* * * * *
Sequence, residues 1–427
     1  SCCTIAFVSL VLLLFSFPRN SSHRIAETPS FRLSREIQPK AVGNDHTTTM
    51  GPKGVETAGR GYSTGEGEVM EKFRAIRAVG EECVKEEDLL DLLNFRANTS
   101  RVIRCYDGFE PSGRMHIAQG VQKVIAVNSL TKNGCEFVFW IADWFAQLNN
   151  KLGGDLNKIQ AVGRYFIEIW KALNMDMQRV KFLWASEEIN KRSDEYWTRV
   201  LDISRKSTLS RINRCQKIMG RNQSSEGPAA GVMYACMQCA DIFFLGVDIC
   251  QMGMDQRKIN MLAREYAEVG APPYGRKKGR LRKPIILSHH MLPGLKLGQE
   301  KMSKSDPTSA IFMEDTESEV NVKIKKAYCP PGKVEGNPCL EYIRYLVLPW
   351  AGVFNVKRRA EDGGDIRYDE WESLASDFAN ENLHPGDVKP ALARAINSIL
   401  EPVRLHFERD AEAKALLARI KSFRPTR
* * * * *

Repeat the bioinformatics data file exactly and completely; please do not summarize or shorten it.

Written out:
Sequence, residues 1–427
     1  SCCTIAFVSL VLLLFSFPRN SSHRIAETPS FRLSREIQPK AVGNDHTTTM
    51  GPKGVETAGR GYSTGEGEVM EKFRAIRAVG EECVKEEDLL DLLNFRANTS
   101  RVIRCYDGFE PSGRMHIAQG VQKVIAVNSL TKNGCEFVFW IADWFAQLNN
   151  KLGGDLNKIQ AVGRYFIEIW KALNMDMQRV KFLWASEEIN KRSDEYWTRV
   201  LDISRKSTLS RINRCQKIMG RNQSSEGPAA GVMYACMQCA DIFFLGVDIC
   251  QMGMDQRKIN MLAREYAEVG APPYGRKKGR LRKPIILSHH MLPGLKLGQE
   301  KMSKSDPTSA IFMEDTESEV NVKIKKAYCP PGKVEGNPCL EYIRYLVLPW
   351  AGVFNVKRRA EDGGDIRYDE WESLASDFAN ENLHPGDVKP ALARAINSIL
   401  EPVRLHFERD AEAKALLARI KSFRPTR